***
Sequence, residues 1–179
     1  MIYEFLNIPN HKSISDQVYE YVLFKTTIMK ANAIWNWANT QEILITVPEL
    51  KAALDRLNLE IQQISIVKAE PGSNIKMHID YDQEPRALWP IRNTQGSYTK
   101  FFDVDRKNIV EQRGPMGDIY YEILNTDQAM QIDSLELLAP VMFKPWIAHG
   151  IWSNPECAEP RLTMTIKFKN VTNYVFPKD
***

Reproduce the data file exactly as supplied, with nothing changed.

Sequence, residues 1–179
     1  MIYEFLNIPN HKSISDQVYE YVLFKTTIMK ANAIWNWANT QEILITVPEL
    51  KAALDRLNLE IQQISIVKAE PGSNIKMHID YDQEPRALWP IRNTQGSYTK
   101  FFDVDRKNIV EQRGPMGDIY YEILNTDQAM QIDSLELLAP VMFKPWIAHG
   151  IWSNPECAEP RLTMTIKFKN VTNYVFPKD